- Canadian city eradicates homelessness. Housing First puts everything on its head. It used to be, 'You want a home, get off the drugs or deal with your mental health issues,'" Clugston told CBC. "If you're addicted to drugs, it's going to be pretty hard to get off them, if you're sleeping under a park bench."
- Scientists say not to rake your leaves. This is also why I never vacuum my car.
- President Obama losing it over cute children.
- Marshall L. Steinbaum and Bernard A. Weisberger argue that "Economics Was Once Radical: Then It Decided Not to Be."
- Lauren Gurley discusses "Why the Left Isn't Talking about Rural American Poverty." A quote: "While black poverty in the United States is attributed to the legacies of slavery, Jim Crow, housing discrimination, incarceration, and other forms of institutionalized racism, we have no national narrative that explains white poverty. As a result, there is an implicit belief that whites—who have benefited from all of the advantages that come with being white—don’t have a good reason to be poor. In other words, that when whites live in poverty, it is their fault, or even their choice."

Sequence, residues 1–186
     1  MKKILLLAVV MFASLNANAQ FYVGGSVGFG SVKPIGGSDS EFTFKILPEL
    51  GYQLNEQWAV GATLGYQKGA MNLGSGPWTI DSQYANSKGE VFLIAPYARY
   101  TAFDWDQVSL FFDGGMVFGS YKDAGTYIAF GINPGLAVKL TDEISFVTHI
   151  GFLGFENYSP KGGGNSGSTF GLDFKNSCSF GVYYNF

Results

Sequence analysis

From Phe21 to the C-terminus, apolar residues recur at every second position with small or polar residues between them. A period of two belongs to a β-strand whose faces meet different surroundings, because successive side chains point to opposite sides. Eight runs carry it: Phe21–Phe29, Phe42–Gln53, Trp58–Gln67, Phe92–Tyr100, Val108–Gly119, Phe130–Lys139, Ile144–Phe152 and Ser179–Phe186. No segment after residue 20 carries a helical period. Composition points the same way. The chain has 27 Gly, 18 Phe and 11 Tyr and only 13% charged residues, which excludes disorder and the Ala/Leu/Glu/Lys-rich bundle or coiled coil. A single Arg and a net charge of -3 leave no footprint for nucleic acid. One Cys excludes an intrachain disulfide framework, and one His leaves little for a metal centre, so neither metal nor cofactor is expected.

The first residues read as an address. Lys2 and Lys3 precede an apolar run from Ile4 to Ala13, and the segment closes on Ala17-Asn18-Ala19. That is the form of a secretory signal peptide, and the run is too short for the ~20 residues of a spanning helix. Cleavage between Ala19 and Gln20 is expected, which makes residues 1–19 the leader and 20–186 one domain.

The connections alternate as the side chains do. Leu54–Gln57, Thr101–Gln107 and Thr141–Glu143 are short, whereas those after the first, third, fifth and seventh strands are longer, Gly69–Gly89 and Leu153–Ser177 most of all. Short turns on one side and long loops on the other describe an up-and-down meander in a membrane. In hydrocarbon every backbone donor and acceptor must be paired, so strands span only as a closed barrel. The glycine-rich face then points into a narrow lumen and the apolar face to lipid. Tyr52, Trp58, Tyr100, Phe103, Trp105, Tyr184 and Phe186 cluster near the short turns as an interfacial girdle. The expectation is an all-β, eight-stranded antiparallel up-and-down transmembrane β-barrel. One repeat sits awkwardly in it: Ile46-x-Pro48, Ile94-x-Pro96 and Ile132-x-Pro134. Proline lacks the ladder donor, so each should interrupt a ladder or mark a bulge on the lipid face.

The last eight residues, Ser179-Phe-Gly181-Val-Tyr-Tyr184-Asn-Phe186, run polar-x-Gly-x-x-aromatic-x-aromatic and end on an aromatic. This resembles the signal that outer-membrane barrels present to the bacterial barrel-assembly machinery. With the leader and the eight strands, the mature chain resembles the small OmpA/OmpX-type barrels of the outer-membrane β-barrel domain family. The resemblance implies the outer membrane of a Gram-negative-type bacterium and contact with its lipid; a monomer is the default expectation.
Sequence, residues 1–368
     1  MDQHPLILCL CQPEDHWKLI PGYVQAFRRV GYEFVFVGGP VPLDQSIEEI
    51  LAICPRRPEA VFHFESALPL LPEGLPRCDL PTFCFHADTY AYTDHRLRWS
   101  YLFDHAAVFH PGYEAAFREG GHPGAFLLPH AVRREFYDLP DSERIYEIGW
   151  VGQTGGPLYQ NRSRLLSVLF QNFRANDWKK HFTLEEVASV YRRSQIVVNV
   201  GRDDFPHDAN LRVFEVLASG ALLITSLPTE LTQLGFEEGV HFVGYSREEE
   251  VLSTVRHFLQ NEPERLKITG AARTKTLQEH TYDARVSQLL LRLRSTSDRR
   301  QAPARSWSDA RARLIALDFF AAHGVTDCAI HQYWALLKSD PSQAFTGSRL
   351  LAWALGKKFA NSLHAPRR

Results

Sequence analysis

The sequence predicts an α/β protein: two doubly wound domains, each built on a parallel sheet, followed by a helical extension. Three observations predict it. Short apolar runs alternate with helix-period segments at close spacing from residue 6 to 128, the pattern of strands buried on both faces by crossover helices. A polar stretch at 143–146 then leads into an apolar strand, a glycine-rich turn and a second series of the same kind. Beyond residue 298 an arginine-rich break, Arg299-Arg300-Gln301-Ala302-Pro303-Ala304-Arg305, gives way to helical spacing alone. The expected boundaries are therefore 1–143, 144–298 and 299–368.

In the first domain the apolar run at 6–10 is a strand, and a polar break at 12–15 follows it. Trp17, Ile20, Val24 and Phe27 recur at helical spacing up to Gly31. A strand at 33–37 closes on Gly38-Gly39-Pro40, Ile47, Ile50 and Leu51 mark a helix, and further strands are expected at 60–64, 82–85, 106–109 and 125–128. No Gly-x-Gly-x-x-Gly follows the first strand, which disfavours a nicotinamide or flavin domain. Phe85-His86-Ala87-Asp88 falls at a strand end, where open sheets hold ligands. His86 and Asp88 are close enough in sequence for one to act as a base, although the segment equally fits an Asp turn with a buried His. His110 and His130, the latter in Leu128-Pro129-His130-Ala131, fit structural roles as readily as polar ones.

- Gawker updates us on Who's Winning. It's not who you expect! Unless you expect "the rich." Then it's exactly who you expected.
Ethics and Political Philosophy:
- Digressions & Impressions' Eric Schliesser confronts the disquieting fact that he might be Straussian. Quick! To the Benjamin Constant.